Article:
The Second District Court of Appeals affirmed the termination of parental rights of a father over his own children. The man is currently incarcerated (he was sentenced to 5 years) and is designated a sexual predator.

Nothing in the record indicated that he abused his daughter, but he was convicted of “attempted sexual battery of a minor child over whom he had custodial or familial authority”.

Regardless, pursuant to Florida Statutes, Section 39.806(1)(d)(2) which allows for the termination of parental rights “[w]hen the parent of a child is incarcerated and . . . has been determined by the court to be . . . a sexual predator as defined in s. 775.21”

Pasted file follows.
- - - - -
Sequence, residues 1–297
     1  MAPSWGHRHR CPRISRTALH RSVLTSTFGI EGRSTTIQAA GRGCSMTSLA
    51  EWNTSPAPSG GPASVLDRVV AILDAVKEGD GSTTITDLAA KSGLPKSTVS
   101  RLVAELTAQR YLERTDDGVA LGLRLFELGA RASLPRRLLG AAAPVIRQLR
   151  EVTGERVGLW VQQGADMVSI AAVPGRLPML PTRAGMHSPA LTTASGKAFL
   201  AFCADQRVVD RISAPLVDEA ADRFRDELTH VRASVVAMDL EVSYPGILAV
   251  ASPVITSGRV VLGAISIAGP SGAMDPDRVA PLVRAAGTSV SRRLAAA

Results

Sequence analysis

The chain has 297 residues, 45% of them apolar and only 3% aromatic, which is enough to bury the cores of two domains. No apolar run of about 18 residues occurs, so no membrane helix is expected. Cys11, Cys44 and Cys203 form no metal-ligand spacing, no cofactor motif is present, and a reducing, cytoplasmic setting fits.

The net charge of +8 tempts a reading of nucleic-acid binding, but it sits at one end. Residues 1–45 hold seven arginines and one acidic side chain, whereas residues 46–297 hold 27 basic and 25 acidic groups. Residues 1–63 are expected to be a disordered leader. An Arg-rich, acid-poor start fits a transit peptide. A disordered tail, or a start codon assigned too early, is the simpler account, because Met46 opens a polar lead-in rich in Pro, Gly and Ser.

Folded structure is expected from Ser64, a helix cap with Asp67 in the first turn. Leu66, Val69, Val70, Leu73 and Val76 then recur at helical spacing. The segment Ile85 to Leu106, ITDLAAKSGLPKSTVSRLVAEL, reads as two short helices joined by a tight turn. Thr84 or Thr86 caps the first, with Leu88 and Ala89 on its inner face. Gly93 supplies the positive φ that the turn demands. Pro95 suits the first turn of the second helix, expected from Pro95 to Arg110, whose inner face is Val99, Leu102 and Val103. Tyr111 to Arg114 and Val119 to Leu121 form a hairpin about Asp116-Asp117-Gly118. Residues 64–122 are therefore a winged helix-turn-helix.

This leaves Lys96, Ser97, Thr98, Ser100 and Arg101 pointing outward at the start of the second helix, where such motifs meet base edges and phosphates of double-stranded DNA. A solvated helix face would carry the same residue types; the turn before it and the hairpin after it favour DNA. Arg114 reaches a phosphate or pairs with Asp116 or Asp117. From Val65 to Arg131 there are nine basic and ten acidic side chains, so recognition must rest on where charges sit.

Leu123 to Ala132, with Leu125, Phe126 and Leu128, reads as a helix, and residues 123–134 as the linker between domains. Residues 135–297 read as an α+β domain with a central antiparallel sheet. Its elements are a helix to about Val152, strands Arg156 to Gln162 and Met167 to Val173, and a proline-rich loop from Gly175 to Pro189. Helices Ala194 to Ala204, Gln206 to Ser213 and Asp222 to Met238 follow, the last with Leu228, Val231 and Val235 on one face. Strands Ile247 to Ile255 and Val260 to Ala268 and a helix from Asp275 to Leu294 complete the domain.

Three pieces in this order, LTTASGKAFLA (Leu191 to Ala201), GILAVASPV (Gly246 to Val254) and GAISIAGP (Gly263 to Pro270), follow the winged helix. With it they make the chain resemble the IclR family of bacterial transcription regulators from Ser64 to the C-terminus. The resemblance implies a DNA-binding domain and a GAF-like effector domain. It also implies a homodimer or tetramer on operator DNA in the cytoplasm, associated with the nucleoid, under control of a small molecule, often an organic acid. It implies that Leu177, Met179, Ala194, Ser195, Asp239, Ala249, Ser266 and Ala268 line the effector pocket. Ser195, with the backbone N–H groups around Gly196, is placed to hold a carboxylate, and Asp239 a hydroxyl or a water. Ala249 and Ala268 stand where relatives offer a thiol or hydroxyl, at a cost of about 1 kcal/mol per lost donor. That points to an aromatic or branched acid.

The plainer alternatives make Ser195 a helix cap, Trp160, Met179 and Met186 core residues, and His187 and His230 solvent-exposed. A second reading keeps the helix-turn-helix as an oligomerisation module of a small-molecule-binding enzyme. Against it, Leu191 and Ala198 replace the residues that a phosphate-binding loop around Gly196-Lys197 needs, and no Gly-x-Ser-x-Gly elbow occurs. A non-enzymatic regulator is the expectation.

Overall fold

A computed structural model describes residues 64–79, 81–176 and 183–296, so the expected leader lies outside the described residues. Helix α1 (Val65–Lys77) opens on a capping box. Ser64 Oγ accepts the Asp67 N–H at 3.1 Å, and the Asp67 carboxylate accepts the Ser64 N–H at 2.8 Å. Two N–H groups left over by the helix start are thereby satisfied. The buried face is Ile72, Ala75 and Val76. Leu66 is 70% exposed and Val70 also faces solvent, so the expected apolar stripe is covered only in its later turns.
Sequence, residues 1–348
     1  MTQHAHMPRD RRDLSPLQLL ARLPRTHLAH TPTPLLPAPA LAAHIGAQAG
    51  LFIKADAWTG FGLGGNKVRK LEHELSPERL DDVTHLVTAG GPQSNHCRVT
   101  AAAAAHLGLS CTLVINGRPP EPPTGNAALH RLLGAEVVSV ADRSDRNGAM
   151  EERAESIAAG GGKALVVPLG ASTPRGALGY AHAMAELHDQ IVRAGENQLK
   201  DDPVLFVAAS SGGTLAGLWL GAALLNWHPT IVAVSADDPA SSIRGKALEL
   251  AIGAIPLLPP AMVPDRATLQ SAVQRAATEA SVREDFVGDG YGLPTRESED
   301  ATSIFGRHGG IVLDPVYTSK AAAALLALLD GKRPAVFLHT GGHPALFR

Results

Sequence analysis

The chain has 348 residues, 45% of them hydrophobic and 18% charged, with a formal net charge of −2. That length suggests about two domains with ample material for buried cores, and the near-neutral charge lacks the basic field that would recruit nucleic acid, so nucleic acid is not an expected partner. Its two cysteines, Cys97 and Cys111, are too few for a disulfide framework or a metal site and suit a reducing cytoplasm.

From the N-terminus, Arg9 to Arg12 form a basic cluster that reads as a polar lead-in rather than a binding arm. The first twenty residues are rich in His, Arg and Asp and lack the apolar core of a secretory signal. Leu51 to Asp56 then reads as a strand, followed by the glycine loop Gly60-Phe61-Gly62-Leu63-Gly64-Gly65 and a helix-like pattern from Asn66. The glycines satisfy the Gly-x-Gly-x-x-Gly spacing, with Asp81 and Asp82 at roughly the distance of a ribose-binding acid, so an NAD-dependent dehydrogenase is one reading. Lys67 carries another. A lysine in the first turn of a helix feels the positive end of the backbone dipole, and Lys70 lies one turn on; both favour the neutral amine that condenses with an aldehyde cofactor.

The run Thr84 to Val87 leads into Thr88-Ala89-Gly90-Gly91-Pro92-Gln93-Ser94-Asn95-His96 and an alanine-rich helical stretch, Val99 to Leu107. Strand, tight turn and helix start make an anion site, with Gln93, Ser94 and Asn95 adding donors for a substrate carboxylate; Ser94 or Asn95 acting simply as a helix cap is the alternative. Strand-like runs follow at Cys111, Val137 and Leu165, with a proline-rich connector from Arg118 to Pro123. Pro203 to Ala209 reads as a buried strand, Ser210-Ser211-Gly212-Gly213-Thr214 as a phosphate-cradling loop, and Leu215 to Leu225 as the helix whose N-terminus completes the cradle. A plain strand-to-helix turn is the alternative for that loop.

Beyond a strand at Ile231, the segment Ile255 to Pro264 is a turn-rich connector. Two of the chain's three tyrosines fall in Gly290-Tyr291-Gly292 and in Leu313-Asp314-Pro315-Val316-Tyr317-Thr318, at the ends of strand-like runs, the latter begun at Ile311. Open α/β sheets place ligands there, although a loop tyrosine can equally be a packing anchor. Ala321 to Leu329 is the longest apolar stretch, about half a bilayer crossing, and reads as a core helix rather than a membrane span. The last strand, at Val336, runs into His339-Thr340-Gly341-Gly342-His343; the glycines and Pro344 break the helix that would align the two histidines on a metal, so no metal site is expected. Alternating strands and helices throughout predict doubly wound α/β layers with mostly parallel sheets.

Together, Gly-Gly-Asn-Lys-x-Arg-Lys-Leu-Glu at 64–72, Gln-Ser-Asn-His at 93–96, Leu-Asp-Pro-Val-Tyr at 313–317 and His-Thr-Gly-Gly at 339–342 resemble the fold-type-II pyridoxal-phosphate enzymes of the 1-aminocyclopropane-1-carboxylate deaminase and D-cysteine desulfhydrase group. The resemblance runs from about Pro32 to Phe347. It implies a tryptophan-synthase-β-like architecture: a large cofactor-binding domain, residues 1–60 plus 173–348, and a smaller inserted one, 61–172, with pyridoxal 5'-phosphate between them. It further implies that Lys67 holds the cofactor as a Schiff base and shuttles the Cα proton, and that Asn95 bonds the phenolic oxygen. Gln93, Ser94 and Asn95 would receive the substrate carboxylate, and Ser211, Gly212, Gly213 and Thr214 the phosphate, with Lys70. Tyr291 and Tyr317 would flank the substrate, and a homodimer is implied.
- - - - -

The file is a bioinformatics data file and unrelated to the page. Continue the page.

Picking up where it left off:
The opinion concluded with the same rhetoric that’s appeared in the preamble of most sex offender laws for decades, “sexual offenders who prey on children are sexual predators who present an extreme threat to the public safety” and “are extremely likely to use physical violence and to repeat their offenses.”  We now know that to be untrue, as they are extremely unlikely to repeat their offenses. It’s time for the courts to educate themselves.

Sad for both the father and his daughter.


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